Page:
Core | Computer Science | Business Administration | Africana Studies |
Text and Meaning
How should we read texts or interpret culture? For most students, this course will represent an entirely new way to approach the analysis of literature and culture. It will use the broadest possible array of materials and an exploration of a variety of different ways to interpret those materials. At the end of the course, students will be left with a question rather than an answer: they will have to decide for themselves which interpretive tools are appropriate for different kinds of tasks.
In this course, "text" does not necessarily mean a published written work of literature; it also includes songs, films, letters, dances, newspaper articles, photographs, government documents, advertisements, oral literature, and so on. This course will provide students with various approaches for analyzing literature and culture, and will challenge students to develop their own uses of interpretive tools.
This course will survey quantitative approaches to work in the social sciences. The course introduces students to concepts, techniques and software with which all successful managers should be familiar. The course has four main modules: optimization, simulation, introduction to calculus, and project management. The course has a managerial orientation and does not rely on complex mathematics. Students will understand how to apply quantitative tools to business problems. Students will also gain literacy in the basic features of several software tools used for optimization, simulation and project management.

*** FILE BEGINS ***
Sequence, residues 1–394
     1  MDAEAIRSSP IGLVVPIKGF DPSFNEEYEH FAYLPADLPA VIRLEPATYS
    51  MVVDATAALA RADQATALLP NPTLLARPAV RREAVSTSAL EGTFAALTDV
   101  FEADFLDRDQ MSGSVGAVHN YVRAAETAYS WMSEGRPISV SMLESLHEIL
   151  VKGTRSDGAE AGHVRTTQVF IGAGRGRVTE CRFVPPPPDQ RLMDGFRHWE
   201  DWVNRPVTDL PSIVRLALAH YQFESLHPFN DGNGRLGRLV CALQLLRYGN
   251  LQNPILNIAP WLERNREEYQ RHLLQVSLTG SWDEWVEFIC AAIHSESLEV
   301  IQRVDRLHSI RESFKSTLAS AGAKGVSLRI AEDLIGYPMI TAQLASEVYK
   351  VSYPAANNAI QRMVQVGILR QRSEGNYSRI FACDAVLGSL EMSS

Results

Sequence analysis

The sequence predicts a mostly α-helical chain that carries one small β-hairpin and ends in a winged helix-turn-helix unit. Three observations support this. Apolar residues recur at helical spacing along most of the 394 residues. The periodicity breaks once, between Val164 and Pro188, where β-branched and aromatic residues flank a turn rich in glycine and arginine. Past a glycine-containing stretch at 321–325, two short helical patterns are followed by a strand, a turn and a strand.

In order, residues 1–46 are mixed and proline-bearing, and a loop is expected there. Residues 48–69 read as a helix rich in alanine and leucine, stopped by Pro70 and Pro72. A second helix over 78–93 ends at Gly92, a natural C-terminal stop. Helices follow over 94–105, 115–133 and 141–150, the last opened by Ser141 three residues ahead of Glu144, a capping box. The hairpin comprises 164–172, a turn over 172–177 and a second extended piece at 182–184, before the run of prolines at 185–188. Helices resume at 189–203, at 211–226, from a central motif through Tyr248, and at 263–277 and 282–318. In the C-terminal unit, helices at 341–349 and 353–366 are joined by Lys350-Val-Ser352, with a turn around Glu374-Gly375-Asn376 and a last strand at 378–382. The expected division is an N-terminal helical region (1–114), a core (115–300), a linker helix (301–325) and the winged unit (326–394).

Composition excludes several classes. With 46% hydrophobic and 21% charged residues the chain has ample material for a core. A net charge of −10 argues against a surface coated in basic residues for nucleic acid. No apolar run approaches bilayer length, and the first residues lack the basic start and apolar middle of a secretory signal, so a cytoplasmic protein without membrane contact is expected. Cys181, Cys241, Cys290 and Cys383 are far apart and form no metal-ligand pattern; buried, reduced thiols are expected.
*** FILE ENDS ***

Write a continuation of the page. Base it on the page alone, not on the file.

Written and Oral Communication
This course is driven by real-world demands for heightened competence in business communication: vigorous and concise writing, effective oral presentation, and strong interpersonal skills. The course will draw on many disciplines including cognitive psychology, social psychology, various theories of human interaction, argumentation and persuasion theory, non-verbal communication, and presentation skills. The communication course seeks to enhance students' abilities as communicators, under varying circumstances, with different audiences, and through different media. Students will learn not only how to communicate well, but to communicate persuasively: to inspire others and create cooperation among those who work with them.
In our daily search for "truth" we frequently encounter different, and often contradictory, positions which can be confusing. This course will provide the fundamental tools needed to sort through such dilemmas. The goal is to familiarize students with the logical and empirical basis of sound
generalization techniques and to introduce the rich variety of methodologies, both qualitative and quantitative, that can be used. Students will learn to clarify key questions, to asses supporting